Friday, March 21, 2008

Goodbyes

In a week that the world lost Anthony Minghella, Arthur C Clarke, Paul Schofield, Mr Barraclough and Captain Birdseye I also learned of the death of my old university friend Tim Hogbin.

I hadn't seen Tim for about six years - that's life - but always thought that one day, next time I was down in London, I'd give him and a few people a call and catch up.

Too late.

Wednesday, March 19, 2008

Time for humble pie

Oh, feck. Tonight’s Torchwood (the one on BBC Three, not the carnie one) was really, really good. There may even have been a tiny tear or two.

Damn you, Torchwood, and your vexing inconsistency!

Thoughts on recent telly

Now that The Fixer has had two episodes to show me its stuff, I’ve concluded I like it. It's apparent that Ben Richards has had to comply with some idiotic network notes, which leads me to worry that maybe all is not well behind the scenes. If one season is all we end up getting of this enjoyable action show, then that would be a shame. Kudos have successfully updated the classic ITC formula, and tried to bring some quality hour long drama back to ITV. I really, really want it to succeed.

For those that haven't seen it, which seems to be quite a lot of you, judging by the ratings, The Fixer focuses on a group of extra-legal operatives, headed up by the modestly intimidating Lenny Douglas. An ex-copper, Lenny claims to be secretly funded by the State and tasked with controlling and manipulating the criminal underworld. Our window into his operation is John Mercer, an ex-soldier who murders his aunt and uncle in the teaser and then calmly calls the police. Mysteriously granted early release from prison, he soon learns that liberation comes with a price - that he join Lenny’s team as an assassin. Having swapped one sentence for another, Mercer now needs to find a way to enjoy the few freedoms he's granted. So far those include playing with his sister's kids and shagging beauticians. Such an unhappy lot he has!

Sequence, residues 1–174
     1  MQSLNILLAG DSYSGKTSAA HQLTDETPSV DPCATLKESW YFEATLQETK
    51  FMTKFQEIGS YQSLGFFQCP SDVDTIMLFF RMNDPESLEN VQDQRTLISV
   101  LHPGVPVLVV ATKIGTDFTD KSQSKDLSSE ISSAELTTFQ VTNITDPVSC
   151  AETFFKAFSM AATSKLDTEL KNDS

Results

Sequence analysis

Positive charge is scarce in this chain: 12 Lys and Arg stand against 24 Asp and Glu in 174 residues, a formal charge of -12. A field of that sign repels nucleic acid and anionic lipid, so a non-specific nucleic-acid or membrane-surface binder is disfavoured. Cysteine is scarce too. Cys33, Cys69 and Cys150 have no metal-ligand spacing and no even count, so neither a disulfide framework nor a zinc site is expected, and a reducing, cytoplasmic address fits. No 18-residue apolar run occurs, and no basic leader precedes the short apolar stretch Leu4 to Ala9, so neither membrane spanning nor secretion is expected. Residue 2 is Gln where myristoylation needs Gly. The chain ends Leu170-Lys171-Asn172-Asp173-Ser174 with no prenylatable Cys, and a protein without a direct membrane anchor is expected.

It could all be very good stuff, as long as ITV leave it well enough alone.
 
Sticking with ITV for the moment, the second season of Primeval ended a few weeks ago, and if there was ever a show whose reach exceeded its grasp, this is it. It's nonsense. I really can't bear to watch it, and yet I do anyway, if only to see how they're going to throw away their premise this week. Season Two tried to come back BIGGER, BOLDER, BADDER, but limped its way through six episodes, desperately trying to prove it was actually about something other than it’s unconvincing CGI, by throwing in a half-assed conspiracy plot. Douglas Henshall looked more angst-ridded on a weekly basis, and Hannah Spearitt didn’t prance around in her pants enough. Season Three is already a goer,and is bound to be more of the same.
 
Sigh, what else? The Last Enemy, the BBC's big polit-thriller for 2008, failed to ignite despite the combined talents of Robert Carlysle and Max Beesley, and was sadly very dull indeed. No-one who writes about it fails to mention Benedict Cumberbatch’s wonderful name, presumably because they can find nothing to say about his expressiveness.
 
Torchwood. Torchwood, Torchwood, Torchwood. After a competent start to the new season, you seemed to be on a roll. Except for Meat, which was rubbish; irredeemable even by a face-tasering Ianto. You killed Owen! Hurray! But then you bought him back from the dead, and I had to forcibly asphyxiate myself because I couldn’t stand it.

Owen the Foul, a creepy rapey twunt who deserved a horrible TV death more than anyone I can think of, is finally done away with. Did you think anyone would be upset? No, we were all cheering! Then you bought him back to life and made him miserable. Did you think we’d care? No, we wanted him to be dead again. And cremated. And nevermore spoken of from this day forth. Then - then, sweet Jesus make this painful storyline stop, you had him come to terms with his unfeeling resurrected existence and thought we'd be pleased for him. No, I have not missed the bitter parallel of Jack living forever and Owen being dead forever, you just made a shitty job of it, you stupid, stupid TV show.